Legendary American choreographer John Neumeier has spent most of his professional life in Germany and with the Hamburg Ballet. Neumeier commissioned Russian-American composer Lera Auerbach to score a ballet based on Alexander Pushkin’s dramatic poem, Eugene Onegin. This Blu-ray première of Neumier’s ballet, Tatiana, centers on a young woman who becomes the focal point of this romantic yet very tragic story.
At the crux of this love-and-death tale, is the naïve young Russian girl, Tatiana Larina (Helene Bouchet) who has grown up far from the sophisticated urban world that Eugene Onegin (Edvin Revazov) inhabits. Onegin visits his friend Vladimir Lensky (Alexandr Trusch) who is engaged to Olga (Leslie Heylmann). Tatiana’s sister. Tatiana is smitten by Onegin and writes a passionate love letter that the older man rejects out of hand. During a party in honor of Tatiana’s birthday, Onegin flirts with Olga and incurs Lensky’s jealousy. A duel takes place and Onegin kills his friend.
Onegin never recovers his humanity and, some years later, has a chance meeting with Tatiana, now the beautiful wife of the older and wealthy Prince N. (Carsten Jung). In a reversal of roles, Onegin has written love letters to Tatiana but to no avail, as she will never leave her husband.
Choreographer Neumeier has created a dream-like dance that continually crosses the boundaries between fantasy and reality, mediated by Zaretsky (Sasha Riva/Marc Jubete) who appears to be the author/enabler of Tatiana’s world. Those familiar with Pyotr Ilyich Tchaikovsky’s Eugene Onegin will find this balletic version of the Pushkin work perhaps closer to the writer’s original intent, particularly in its characterization of an impressionable young woman (often seen with a teddy-bear) who has never experienced physical love.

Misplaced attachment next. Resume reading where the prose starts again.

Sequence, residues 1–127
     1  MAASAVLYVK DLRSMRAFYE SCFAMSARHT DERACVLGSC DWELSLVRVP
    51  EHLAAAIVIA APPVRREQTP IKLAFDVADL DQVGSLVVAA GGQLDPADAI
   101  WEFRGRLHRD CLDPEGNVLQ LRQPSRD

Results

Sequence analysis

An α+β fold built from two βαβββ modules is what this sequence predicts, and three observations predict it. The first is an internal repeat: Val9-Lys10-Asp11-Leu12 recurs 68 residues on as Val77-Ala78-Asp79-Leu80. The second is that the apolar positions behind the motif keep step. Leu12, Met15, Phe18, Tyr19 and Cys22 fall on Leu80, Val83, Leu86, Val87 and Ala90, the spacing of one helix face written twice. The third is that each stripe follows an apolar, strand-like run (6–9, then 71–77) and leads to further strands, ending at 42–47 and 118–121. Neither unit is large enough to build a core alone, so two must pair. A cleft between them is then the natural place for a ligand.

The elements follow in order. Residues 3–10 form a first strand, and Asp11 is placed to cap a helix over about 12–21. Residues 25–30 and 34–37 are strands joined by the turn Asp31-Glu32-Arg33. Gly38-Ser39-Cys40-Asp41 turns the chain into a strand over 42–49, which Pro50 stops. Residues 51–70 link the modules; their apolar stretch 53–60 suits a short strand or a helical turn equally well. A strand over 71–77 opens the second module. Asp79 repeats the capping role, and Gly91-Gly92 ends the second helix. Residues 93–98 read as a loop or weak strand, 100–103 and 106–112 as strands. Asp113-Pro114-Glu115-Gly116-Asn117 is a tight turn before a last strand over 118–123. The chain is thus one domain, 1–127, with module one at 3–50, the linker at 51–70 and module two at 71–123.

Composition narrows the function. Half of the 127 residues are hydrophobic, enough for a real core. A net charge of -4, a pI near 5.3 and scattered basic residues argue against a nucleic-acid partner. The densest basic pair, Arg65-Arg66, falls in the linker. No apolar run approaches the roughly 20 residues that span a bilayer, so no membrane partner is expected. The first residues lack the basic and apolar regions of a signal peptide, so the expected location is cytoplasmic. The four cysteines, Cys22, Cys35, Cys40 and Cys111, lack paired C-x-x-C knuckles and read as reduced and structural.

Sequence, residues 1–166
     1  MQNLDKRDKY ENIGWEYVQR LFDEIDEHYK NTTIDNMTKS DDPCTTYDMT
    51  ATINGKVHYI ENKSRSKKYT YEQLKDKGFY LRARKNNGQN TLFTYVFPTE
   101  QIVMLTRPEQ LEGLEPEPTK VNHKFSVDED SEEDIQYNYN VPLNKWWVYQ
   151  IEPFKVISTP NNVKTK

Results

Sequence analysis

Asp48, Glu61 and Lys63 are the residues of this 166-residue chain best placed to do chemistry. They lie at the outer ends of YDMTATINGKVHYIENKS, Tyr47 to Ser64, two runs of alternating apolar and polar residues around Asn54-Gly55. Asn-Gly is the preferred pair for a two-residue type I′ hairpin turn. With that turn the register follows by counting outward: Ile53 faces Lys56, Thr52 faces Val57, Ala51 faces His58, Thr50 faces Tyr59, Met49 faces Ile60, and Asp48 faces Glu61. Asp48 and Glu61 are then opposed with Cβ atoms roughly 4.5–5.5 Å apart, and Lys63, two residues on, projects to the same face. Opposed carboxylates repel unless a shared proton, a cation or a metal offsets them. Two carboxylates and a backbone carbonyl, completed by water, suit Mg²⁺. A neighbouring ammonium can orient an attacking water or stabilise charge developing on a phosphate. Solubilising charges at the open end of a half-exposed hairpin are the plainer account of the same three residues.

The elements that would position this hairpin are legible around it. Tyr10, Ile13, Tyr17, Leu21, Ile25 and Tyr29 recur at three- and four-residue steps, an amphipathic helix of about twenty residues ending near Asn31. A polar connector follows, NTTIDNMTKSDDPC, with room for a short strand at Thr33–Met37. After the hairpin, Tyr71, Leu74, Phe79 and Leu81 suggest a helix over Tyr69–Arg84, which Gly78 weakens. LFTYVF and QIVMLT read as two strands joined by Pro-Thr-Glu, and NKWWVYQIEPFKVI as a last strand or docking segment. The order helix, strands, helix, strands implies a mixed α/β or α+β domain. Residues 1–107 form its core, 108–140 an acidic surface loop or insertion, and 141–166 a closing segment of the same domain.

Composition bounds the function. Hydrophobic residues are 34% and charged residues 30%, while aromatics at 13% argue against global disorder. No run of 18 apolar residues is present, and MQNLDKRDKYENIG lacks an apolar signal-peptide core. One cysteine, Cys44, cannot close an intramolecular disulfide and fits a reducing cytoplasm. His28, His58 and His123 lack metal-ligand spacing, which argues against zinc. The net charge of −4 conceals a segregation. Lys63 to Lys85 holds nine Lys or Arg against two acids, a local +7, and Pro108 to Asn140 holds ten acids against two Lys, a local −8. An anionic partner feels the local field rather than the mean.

Having seen a number of Neumeier’s previous works like The Little Mermaid as well as his reconceptualizations of ballet staples such as The Nutcracker, I understand how he adapts the technique of classical dance to our present times. Perhaps even more poignant than the operatic version of this story, Tatiana has a depth in its retelling of Pushkin’s tale that eludes Tchaikovsky’s rather two-dimensional music drama. The Hamburg Ballet principals and corps take this one to a very high level.
Thomas Grimm gets the cameras in the right places at the right times and delivers the live dance experience that viewers expect. Details and colors, in spite of often oppressive darkness on the stage, are excellent.
The surround audio version gives listeners an excellent soundstage with relatively little stage noise and is quite effective in conveying the ambience of this live performance.
The program booklet has cast and production credits as well as Dr. Reiner Moritz’s detailed background essay on the ballet and a synopsis of its ten scenes. A video bonus is also included:
- Tatiana-Back to Pushkin (35:00) (DTS-HD MA 5.1). Dr. Moritz re-examines this story as realized by the new production of the Hamburg Ballet.
The Final Assessment
For those familiar with the opera Eugene Onegin, this dance recreation will be a very different experience as it explores the world of sexual obsession and fetishism in a way the Tchaikovsky could never have imagined. While this new take on an old story might not please everyone, I thought that the sharp edges that Neumeier and company provided were a breath of fresh air. The not very original-sounding score with its clear echoes of Shostakovich and Stravinsky aside, this is modern dancing at its very best. I have yet to see a Neumeier ballet that is not original or thought-provoking and Tatiana certainly upholds that tradition.
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